1. Time of day. The first thing I do when I find myself in a new season of life is reevaluate the best time of day for sex. Pay attention to your body and notice when you feel that urge — be alert. If you are exhausted by the end of the day, try having sex in the morning. It takes more discipline — you need to go to bed earlier, set an alarm, and actually wake up.
  2. Pray! Do you pray for your sex life? You should! Pray for desire, satisfaction, and regularity, for both you and your spouse.
  3. Take a moment. We are all busy, whether at home or at work. By the time the kids are in bed, I am not ready to be touched for a while. Similarly, if you work at a job where you have to talk a lot or are around people all day, you need a bit of quiet when you get home. I’m amazed at how even just 15 minutes alone can rejuvenate me and prepare me to better spend time with El Fury in the evening. Most of the time, this is just a nice hot shower.
  4. Make sex a habit. If sex is a regular part of your schedule, it’s going to happen! The same way you commit yourself to exercise and brushing your teeth, you should treat sex as a priority. If you’re already in the regular habit of having sex, you’re more likely to maintain a good sex life during the different seasons of life. You are in charge of your own time, and if something is important you should be able to carve out 30 minutes for it.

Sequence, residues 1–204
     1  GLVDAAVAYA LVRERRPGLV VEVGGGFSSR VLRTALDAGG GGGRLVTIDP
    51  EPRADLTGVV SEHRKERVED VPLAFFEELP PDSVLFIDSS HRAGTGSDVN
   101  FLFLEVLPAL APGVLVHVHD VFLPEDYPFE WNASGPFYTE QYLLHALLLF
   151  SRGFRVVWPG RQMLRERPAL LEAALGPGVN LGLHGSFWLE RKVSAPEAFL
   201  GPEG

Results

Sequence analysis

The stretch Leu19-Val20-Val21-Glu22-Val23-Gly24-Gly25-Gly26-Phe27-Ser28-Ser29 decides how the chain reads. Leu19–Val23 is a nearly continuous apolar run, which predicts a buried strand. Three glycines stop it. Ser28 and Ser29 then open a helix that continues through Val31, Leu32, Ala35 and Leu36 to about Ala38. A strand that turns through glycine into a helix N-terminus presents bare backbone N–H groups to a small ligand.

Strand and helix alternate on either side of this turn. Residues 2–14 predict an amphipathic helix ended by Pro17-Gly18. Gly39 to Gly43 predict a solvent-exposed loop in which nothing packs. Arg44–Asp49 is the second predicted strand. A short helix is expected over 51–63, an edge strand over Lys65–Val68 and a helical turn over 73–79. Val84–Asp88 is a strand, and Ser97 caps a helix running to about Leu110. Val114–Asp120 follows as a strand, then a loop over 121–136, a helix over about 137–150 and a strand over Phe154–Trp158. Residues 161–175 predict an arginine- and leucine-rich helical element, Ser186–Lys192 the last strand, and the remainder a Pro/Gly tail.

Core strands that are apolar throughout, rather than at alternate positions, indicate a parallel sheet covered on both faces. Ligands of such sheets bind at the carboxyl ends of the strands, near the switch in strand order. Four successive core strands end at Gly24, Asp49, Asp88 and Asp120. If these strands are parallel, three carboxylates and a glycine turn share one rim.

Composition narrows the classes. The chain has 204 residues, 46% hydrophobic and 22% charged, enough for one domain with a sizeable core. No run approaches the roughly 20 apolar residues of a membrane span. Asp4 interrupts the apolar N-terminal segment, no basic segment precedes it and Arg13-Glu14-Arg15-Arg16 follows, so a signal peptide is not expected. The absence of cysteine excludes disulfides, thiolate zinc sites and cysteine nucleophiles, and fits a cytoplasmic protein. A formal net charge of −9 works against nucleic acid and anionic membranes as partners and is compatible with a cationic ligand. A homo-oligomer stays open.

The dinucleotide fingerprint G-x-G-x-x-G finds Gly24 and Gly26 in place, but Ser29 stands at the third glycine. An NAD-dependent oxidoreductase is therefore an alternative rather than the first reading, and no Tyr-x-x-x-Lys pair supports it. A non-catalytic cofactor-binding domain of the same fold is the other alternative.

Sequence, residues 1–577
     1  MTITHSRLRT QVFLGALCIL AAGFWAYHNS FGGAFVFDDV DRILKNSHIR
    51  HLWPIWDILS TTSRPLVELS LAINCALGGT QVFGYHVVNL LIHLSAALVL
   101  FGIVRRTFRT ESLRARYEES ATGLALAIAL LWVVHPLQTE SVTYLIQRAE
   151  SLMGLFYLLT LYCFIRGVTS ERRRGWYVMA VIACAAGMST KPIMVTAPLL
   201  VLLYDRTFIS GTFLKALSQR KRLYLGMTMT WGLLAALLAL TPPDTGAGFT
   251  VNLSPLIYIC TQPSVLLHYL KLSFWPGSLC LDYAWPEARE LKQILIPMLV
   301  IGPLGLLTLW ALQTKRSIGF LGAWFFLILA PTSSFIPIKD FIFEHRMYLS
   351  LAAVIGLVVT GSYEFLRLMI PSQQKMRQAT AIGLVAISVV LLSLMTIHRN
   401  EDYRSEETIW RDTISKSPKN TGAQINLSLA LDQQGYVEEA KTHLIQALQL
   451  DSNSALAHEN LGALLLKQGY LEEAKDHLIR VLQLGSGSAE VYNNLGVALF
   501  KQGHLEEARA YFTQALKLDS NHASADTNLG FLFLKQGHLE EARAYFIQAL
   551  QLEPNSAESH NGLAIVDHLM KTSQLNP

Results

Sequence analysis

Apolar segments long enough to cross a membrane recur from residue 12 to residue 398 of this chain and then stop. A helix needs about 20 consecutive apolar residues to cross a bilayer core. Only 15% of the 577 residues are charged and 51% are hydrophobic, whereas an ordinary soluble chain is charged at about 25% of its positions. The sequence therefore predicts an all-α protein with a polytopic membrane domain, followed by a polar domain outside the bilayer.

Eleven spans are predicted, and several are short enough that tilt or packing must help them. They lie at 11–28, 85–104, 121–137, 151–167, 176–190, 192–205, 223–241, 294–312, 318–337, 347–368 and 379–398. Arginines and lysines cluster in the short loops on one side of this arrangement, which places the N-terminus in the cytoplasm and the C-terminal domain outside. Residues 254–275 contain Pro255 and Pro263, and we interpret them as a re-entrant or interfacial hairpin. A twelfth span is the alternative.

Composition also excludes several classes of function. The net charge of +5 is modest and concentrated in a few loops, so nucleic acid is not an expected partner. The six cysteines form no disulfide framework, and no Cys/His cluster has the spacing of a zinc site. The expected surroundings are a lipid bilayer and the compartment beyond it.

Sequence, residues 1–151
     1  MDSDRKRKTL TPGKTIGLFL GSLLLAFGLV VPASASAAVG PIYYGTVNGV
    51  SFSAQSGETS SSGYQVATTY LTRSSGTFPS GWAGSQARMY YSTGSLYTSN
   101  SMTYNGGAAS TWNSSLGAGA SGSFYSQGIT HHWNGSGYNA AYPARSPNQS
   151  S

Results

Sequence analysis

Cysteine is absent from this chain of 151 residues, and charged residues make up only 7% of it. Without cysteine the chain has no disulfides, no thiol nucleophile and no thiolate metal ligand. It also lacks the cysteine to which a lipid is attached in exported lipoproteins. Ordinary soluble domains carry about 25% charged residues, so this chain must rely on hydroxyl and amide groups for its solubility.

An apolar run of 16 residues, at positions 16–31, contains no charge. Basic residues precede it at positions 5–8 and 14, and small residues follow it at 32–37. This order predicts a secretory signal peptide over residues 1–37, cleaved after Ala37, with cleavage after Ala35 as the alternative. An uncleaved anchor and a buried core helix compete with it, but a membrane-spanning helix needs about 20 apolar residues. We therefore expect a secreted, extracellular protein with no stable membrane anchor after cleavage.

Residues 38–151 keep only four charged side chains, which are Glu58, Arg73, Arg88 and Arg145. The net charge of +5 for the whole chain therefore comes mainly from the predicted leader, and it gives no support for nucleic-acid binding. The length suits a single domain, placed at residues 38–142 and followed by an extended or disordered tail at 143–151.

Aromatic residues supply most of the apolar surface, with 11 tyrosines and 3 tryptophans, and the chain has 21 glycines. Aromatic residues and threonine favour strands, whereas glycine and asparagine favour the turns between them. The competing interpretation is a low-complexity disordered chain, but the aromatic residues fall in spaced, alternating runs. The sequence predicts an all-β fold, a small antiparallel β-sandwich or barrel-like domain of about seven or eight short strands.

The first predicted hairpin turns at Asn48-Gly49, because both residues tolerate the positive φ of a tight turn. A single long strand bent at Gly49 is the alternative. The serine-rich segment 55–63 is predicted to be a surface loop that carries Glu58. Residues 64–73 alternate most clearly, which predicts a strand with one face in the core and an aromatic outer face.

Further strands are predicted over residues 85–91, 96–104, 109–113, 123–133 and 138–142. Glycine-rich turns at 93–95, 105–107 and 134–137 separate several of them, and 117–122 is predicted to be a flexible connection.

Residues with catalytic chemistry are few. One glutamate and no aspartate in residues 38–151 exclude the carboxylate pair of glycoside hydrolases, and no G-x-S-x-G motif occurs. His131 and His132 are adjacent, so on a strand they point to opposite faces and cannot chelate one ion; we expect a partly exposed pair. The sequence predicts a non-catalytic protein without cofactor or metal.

5. Be flexible. If you have kids you have constant interruptions. They have lots of demands and very little patience. Even when I wake up early, am alert, and in the mood, there are times that things have to halt because there is a tiny person crying at the (locked) door. It’s frustrating, but it’s part of having these wonderful little people in your life. Keep trying. That evening. The next morning. Just keep trying!
  6. Communicate and ask for help. For me, the hours between 4 and 6 can make or break how I feel. Making dinner and cleaning up is often intense. When EF is able to help — with either clean up or baths, or just taking the kids away so I can prep dinner, it makes a world of difference. For less stress, try some slow-cooker meals. Anything you can to make dinner time less overwhelming will help!

Your spouse deserves your best, not just whatever you have left at the end of the day. Adjust yourself and your sex lives throughout whatever season you’re in. And remember, it’s only a season!

Our world has changed so much since I was a kid. There is so much to entertain. Sometimes we even need to be entertained while being entertained! It’s literally at our fingertips. With so much to distract, it’s easy to get into some bad habits. How often do we favor scrolling through our phone than paying attention to our spouse or children? What message are you conveying when your child needs something and you take your time to respond so you can finish reading your article or playing your game? Relationships take effort. Being present speaks volumes of love. It says, you are important, and worth my time. We have made a few decisions in our house to help us make time for being intentional with our family.